Measles is an acute infectious disease occurring mostly in children. It is very easily passed from one person to another. It causes high fever, cough and a rash, and it lasts for 1 - 2 weeks. Measles is a serious disease. Measles, under any circumstances, can cause serious complications. Among these are diarrhoea, encephalitis, otitis media, pneumonia, and exacerbation of protein-energy malnutrition.
One of every 10 children who catch measles will also have an ear infection or pneumonia. Measles can also cause an infection of the brain that could lead to convulsions (seizures, fits, spasms, twitching, jerking, or staring spells), hearing loss, and mental retardation. This happens to about 1 out of every 1,000 children reported to have measles. In the United States, 1 child out of every 500 - 10,000 who gets measles dies from it. Worldwide, as of 1997, 1 million children a year die from measles.
Measles is a major source of unnecessary suffering, premature mortality, and expense. Except in isolated populations, measles is nearly universal, most persons being infected before reaching the age of 15. Babies and adults who catch measles are often much sicker and are more likely to suffer longer or die than elementary school children and teenagers with measles.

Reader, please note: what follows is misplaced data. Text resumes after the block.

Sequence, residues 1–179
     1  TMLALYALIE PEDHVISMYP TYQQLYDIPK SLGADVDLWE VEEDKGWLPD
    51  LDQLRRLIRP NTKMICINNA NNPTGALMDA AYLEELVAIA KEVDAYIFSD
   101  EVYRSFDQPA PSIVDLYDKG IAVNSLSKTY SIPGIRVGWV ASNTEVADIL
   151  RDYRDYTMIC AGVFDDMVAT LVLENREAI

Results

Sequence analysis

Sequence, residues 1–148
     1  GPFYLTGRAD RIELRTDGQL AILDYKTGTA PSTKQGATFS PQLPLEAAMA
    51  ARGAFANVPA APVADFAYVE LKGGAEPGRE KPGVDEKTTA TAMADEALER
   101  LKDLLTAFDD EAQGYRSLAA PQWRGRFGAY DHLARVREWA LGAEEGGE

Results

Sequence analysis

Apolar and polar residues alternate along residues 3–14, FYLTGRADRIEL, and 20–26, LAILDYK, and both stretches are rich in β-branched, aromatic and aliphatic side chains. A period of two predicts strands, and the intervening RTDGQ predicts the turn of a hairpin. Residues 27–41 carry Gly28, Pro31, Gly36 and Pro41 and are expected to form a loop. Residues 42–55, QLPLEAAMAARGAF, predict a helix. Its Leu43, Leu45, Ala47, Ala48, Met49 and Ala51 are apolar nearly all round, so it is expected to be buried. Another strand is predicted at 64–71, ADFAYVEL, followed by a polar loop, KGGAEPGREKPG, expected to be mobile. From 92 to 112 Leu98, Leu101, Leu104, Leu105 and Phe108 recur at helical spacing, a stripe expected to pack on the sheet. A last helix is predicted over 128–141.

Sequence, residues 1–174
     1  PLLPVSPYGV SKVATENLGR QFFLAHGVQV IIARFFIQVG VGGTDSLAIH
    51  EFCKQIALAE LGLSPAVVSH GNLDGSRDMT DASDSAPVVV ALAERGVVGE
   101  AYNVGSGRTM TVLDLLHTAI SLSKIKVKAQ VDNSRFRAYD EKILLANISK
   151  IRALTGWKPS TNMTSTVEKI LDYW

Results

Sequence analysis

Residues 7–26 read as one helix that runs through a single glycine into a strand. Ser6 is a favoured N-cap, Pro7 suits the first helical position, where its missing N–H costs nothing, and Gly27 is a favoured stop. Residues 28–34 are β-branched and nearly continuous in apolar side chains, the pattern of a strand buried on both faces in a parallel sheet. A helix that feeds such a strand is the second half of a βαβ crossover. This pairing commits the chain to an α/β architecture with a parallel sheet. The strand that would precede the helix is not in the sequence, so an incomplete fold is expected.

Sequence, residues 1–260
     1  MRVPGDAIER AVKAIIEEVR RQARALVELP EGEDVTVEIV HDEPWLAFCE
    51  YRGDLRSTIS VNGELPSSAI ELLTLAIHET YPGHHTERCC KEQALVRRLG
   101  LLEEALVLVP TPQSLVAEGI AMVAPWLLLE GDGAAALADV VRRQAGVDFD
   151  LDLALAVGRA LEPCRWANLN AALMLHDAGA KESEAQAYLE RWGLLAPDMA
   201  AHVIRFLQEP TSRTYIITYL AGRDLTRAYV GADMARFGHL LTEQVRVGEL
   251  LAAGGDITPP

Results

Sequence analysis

[Developing countries] Therapy for measles and its complications is a major drain on medical care resources in most parts of Africa, Asia, and Latin America. In 1989 not only did it kill an estimated 1.5 million children annually, but it also contributed to malnutrition and aggravated other diseases, thus indirectly contributing to an even higher number of deaths and morbidity. In the Inter-American Investigation of Mortality in Childhood it was found that measles is either the main cause of death or the second most frequent cause in children aged 1-4 years in several cities in Latin America. Measles outbreaks in Africa and Asia have case-fatality rates of 5-20% among children, especially malnourished ones. Measles complications may also result in developmental retardation, lifelong handicaps, and both direct and indirect economic loss. Furthermore, in children in the developing world, measles interacts with diarrhoeal disease and malnutrition to increase the morbidity and mortality from these conditions. Statistics from the WHO and UNICEF programme in the 1980s suggest that the number of Third World children immunized against measles has risen from three in 10 to more than seven in 10, and that the annual death rate has dropped from a high of 3 million to 1 million in 1993.
[Industrialized countries] The Centre for Disease Control and Prevention in the USA reported only 175 cases of measles in 1993. There was a measles epidemic in the USA between 1989 and 1991, when more than 56,000 people contracted the disease and at least 132 died. Most of the cases were among unvaccinated pre-school children. The measles vaccination rate has grown since the vaccine was introduced in 1963. In 1965 only about 33.2% of children between ages one and four had been vaccinated for measles. By 1991 the vaccination rate had risen to 77.6. Britain and other industrialized countries could also see the eradication of the disease by the end of the century. Between 1980 and 1991 the number of measles cases in the UK fell from 147,000 to 12,000.